Friday, June 22, 2007

The Friend of My Enemy Is My What?

This week 2000 Pakistani scholars bestowed their highest honor on Osama bin Laden, the title of Sword of Allah.

If it seems strange that the nation President Bush calls “a vital ally in the War on Terror” is awarding prizes to the world’s Terrorist-in-Chief, there is complexity involved here.

The Pakistanis really don’t like bin Laden that much, but they were peeved at “the British Government's decision to bestow the title of 'Sir' on blasphemer (Salman) Rushdie,” the council chairman explained.

The award to bin Laden was coupled with the statement that the knighting of Rushdie justified attacks in Britain by a federal minister associated with “militant madressahs” that train suicide bombers.

All this comes as President Pervez Musharraf, who has reaped billions in U.S. aid and had tea with Jon Stewart on the Daily Show, is showing signs of backsliding in what President Bush calls his “progress toward democracy” by suspending the Chief Justice of Pakistan’s Supreme Court who had complained about what the Christian Science Monitor describes as “hundreds of disappearances of Pakistanis, some suspected Islamic extremists but others human rights activists and representatives of ethnic minority populations.”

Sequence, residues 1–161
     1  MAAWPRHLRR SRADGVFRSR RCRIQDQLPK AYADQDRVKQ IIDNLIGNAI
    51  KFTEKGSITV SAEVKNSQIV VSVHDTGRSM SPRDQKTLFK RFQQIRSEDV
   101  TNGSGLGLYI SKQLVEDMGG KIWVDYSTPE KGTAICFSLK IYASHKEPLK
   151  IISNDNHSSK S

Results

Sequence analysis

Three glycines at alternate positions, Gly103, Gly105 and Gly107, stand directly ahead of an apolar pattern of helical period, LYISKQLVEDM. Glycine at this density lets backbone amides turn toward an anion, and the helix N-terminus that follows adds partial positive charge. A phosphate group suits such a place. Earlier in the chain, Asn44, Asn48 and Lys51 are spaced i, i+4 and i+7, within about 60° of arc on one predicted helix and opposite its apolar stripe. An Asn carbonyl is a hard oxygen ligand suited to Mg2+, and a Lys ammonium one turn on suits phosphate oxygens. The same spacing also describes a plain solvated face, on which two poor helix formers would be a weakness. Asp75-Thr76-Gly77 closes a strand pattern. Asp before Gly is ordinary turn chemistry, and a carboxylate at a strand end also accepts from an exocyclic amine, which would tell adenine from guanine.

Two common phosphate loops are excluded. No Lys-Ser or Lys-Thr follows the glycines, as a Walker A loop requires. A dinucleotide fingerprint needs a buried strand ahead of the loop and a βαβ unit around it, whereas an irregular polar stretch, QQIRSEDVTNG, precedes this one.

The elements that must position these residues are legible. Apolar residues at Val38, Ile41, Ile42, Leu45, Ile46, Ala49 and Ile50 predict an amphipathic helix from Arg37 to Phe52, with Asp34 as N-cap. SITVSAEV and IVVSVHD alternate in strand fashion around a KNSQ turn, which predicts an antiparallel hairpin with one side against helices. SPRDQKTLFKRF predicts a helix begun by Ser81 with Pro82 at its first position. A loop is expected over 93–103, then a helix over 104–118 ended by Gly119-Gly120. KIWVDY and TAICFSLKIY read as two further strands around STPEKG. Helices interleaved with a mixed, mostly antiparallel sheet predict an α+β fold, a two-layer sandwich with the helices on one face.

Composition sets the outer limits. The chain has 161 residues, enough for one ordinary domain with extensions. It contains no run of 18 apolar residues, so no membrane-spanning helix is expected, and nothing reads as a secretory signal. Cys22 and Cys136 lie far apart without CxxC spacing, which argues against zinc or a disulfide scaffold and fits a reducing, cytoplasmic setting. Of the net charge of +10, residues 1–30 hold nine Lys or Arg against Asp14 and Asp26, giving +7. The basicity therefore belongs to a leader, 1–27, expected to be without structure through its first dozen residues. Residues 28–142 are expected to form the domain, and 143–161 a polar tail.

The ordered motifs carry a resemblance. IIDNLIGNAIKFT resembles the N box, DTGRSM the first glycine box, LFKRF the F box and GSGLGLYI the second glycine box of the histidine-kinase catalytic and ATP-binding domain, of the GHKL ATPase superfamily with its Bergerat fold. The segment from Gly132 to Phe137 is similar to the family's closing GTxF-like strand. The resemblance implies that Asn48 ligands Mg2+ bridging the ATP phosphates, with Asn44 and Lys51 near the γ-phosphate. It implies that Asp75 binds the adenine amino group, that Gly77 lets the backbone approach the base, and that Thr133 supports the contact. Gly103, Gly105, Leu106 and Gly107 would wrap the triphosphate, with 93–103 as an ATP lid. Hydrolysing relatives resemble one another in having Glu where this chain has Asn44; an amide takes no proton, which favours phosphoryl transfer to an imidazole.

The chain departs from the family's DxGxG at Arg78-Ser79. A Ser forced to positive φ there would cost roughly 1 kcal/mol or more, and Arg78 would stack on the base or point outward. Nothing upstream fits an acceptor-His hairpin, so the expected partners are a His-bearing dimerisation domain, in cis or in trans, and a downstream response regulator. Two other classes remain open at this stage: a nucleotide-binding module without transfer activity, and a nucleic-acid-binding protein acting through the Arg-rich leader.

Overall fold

Those who are not as sophisticated in foreign affairs as Bush’s fresh-faced Neo-Cons may be a little puzzled by our continuing to provide F-16 fighter planes and other military hardware to a regime that seems to be playing on both sides of the terrorist game.

We never did get a straight story about why Pakistan’s leading nuclear scientist had been selling its technology to Iran, North Korea and Libya. But then again we may not be as attuned as they are to subtleties of the Middle East.

How does that go: the enemy of my enemy is my friend who may also be the friend of my enemy but is still my friend if I keep giving him tokens of friendship and blind faith in whatever he does?

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